What’s not covered?
Most insurance companies exclude epidemics and pandemics or any other factors you could reasonably expect to know ahead of time. That means you might not get coverage for:
- Flight cancellations due to coronavirus outbreaks
- Fear of traveling
- Canceling your travel insurance policy, unless it’s within the insurer’s time limit after purchasing or if your insurer makes an exception
- Coronavirus illness from traveling to high-risk locations
Can I get coverage for future travel?
It’s possible to cover cancellations due to the coronavirus for future travel if you buy a CFAR policy. That’s because this type of policy lets you cancel at least 48 hours before departure for any reason. Keep in mind you’ll only get refunded for part of your trip, such as 75% of the costs. You should also buy this policy within a few days or weeks of paying for your travel.
You can still get a standard travel insurance policy if you want standard coverage unrelated to coronavirus. Otherwise, it’s unlikely you’ll get coverage for future trips on standard travel insurance for coronavirus-related interruptions. But COVID-19 is an evolving situation, and travel insurance companies are updating their advisories frequently. If you have an upcoming trip, double-check the extent of your coverage with your insurer.
Compare cancel for any reason travel insurance for your future trip
With everyone’s travel plans thrown for a loop right now, cancel for any reason (CFAR) is the only kind of travel insurance policy that would cover you for future coronavirus-related disruptions. For example, say you rebook your flight for later in the year, only to find out your destination country has closed again or lengthened stay-at-home orders. A CFAR plan would let you recoup any costs you can’t get refunded.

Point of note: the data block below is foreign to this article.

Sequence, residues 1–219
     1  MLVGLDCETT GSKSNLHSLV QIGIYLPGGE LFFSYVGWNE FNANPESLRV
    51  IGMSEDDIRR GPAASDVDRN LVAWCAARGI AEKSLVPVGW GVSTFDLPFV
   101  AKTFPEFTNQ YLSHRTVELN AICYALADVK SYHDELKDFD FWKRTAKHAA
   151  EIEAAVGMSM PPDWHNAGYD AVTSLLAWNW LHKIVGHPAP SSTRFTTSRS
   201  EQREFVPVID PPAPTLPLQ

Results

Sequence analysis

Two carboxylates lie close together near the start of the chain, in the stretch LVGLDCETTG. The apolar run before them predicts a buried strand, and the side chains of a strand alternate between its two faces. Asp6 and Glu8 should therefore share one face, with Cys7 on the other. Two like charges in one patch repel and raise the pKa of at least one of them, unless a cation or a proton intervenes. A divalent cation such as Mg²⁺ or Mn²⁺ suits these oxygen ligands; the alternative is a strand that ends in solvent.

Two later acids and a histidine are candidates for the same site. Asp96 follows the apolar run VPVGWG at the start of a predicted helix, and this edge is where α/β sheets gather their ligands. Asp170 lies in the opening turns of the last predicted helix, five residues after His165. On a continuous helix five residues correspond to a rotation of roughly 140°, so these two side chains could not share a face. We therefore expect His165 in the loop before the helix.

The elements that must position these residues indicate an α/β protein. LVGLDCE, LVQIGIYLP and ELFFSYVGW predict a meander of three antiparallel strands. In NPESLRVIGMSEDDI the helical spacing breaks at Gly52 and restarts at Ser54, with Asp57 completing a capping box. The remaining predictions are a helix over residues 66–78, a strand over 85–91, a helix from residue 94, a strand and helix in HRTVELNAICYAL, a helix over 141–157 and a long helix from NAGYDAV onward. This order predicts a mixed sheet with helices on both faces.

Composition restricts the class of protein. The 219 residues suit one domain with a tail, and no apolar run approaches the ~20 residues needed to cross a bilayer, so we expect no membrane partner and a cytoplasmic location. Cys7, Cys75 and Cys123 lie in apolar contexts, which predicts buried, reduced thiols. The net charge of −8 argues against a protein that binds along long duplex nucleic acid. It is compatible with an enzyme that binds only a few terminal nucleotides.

What are my options if I don’t want to travel because of the coronavirus?
If you don’t want to make your trip because of the coronavirus, you could find other ways to refund your trip costs like:
- Reschedule your trip. Rather than proceeding with your trip because your policy won’t cover cancellations, you could reschedule the dates. You might not see too many rescheduling fees with your insurance company, hotels or attractions if your departure is a few weeks or months away.
- Ask for refunds on travel. High-risk locations may be closing down attractions and refunding prepaid expenses to help protect the public. Airlines canceling your flight may offer full refunds or rescheduling without any change fees.
- Read through your policy’s covered reasons. You could cancel or interrupt your plans if another covered reason applies to you. Additionally covered reasons may include other illnesses a doctor advises against traveling with, or vaccination changes at your destination. Contact your insurer if you’re unsure about a reason.
- Take a loss. If your destination is high risk for the coronavirus, you might choose to absorb the nonrefundable costs of your trip. But you won’t have to pay extra if you can get refunds.
How do travel refunds work?